• This superposition can then be transferred between users without them knowing (wallets would show optimistic values until ~6 minutes later and the crosslink were actually sent through)


  • ZEXE: a UTXO based system that preserves privacy


  • Philosophically, Layer 1 does not need to be overly complex to optimise properties — block-times, x-shard communications, x-shard synchronous messaging support, privacy, etc
  • Theoretically ETH 2.0 Phase 3 might be sufficient forever, no need for super quadratic sharding
  • Exception would be increasing shards or updating cryptography
  • Other blockchains have made this claim but the reality is once you have scalable data availability and enough expressivity at least to verify zKSnarks and state transitions (minimum threshold for power and complexity)you can build all necessary L2 on top
  • L1 might get harder and harder to change, but this is fine for computational L2 if they are on top of scalable data availability (2.8 mb / sec)


Q: Doesn’t L2 stuff preclude turing complete languages / won’t work with zKsnarks?

There’s a difference between math definition of TC vs what crypto community means. Math: TC means computational lang. That are so general that you can’t tell when a computation will stop (Snark needs to know this beforehand)

Crypto: uses TC to mean expressive enough to make applications with complex internal state (plasma, makerdao, uniswap, verification engines for these L2) BTC can’t do these things, ETH can. ZEXE is UTXO based model but can as well.

TC is the wrong word but it is the case that you can do things that are expressive enough for constructing applications inside of zKsnarks.

Q: Should we be worried about the 30% hash rate loss during the bear market?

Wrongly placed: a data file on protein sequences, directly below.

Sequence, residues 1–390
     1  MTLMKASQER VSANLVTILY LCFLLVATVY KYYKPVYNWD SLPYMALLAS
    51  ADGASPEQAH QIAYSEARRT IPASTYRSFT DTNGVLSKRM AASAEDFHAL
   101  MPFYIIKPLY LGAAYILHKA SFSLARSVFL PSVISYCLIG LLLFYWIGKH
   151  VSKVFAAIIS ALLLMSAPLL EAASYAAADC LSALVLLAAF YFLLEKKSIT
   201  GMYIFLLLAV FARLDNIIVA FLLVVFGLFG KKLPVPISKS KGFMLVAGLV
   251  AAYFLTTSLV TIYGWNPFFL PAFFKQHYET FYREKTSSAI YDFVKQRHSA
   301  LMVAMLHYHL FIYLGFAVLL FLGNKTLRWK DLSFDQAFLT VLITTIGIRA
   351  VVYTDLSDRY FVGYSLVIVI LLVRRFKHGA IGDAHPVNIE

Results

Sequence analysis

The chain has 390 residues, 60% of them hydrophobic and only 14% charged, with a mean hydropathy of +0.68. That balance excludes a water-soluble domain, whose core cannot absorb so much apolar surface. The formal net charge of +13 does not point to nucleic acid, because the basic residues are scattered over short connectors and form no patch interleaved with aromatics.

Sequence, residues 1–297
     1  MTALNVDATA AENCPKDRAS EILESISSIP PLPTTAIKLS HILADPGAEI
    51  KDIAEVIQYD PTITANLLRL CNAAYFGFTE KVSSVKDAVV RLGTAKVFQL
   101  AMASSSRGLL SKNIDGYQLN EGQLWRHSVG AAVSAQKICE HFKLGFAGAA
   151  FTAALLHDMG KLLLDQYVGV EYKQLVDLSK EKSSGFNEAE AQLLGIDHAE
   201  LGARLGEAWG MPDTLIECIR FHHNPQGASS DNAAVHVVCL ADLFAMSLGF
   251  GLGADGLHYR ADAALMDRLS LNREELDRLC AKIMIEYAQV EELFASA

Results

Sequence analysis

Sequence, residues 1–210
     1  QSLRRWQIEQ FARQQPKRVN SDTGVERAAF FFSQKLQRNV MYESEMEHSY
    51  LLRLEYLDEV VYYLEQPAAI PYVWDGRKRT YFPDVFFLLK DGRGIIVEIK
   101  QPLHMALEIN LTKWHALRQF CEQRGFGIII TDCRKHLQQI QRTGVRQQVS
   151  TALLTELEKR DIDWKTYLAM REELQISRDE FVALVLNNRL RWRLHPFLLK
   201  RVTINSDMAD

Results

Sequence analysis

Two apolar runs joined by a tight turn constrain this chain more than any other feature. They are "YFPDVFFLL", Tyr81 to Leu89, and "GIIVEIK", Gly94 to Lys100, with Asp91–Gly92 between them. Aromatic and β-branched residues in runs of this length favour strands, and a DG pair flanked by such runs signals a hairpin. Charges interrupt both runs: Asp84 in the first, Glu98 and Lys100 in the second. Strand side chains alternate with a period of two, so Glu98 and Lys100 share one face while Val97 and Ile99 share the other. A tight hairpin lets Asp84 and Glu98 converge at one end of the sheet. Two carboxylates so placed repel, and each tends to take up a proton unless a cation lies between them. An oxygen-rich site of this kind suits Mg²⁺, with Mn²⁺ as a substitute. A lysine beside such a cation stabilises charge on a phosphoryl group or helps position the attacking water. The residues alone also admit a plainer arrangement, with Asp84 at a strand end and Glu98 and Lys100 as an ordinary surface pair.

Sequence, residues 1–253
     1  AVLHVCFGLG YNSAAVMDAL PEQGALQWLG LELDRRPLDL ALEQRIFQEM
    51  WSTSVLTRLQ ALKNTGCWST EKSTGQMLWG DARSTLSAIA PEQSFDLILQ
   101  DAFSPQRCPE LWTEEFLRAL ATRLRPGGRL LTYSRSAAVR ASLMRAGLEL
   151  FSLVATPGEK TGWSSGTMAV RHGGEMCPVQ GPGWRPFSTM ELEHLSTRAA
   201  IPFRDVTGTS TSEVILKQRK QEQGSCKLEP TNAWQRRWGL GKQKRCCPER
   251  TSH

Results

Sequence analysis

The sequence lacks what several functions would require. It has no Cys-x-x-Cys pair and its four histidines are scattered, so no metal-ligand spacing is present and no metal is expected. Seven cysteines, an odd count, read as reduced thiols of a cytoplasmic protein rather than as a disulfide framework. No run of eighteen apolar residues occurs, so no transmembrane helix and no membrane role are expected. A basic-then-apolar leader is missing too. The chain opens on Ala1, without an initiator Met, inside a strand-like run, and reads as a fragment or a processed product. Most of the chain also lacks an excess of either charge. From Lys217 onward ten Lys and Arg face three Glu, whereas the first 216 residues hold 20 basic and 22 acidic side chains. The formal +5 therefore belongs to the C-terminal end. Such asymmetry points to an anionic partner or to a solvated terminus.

It is an issue but not something really to worry about. ETC (Ethereum Classic)has been attacked but only has 3% hashrate of ETH chain. If it becomes a significant concern then Phase 0 can be used as a finality mechanism for the 1.0 chain POW clients. 51% attack would then only allow censoring blocks, not reverting blocks

Q: There will always be competition between degree of decentralisation between base layer and Application layer. Does data availability and SNARKs always mean centralisation? [partially inaudible]

This new class of L2 is interesting - doesn’t need to solve for data availability issues. Centralisation can be reduced. Compare Plasma and Rollup: Plasma data availability problem means there needs to be an operator, who can then waste users time with 2 week coin lockup if malicious. Rollup has no data availability issue bc if a relayer disappears, another can quickly take their place. Possible harm is reduced, L2s like Rollup are part of the solution.

Q: Are you considering two phase commit protocol [inaudible] when doing cross-shard communication?

Contract yanking helps to solve train and hotel problem. (interacting with 2 objects on different shards) Should the ETH chain support synchronous on L1? No, it introduces too much complexity.

Right now, between two crosslinks you can calculate the state transitions in a shard as being a function of the data in a shard and the beacon chain. Doesn’t depend on what happens in other shards

Having synchronous cross-shard calls breaks this invariant, makes state calculation game much more complicated, though you could implement a L2 like Rollup that would help support synchronous cross-shard calls.

Q: What is the relationship between “third-party” L2 solutions (Celer) and other Ethereum L2 solutions?

Celer is a L2 that provides its own data availability solution, Plasma also does this. Rollup does computation offchain and has data availability handled onchain. Has different tradeoffs.

Find me @trent_vanepps on twitter for discussion or corrections. ✌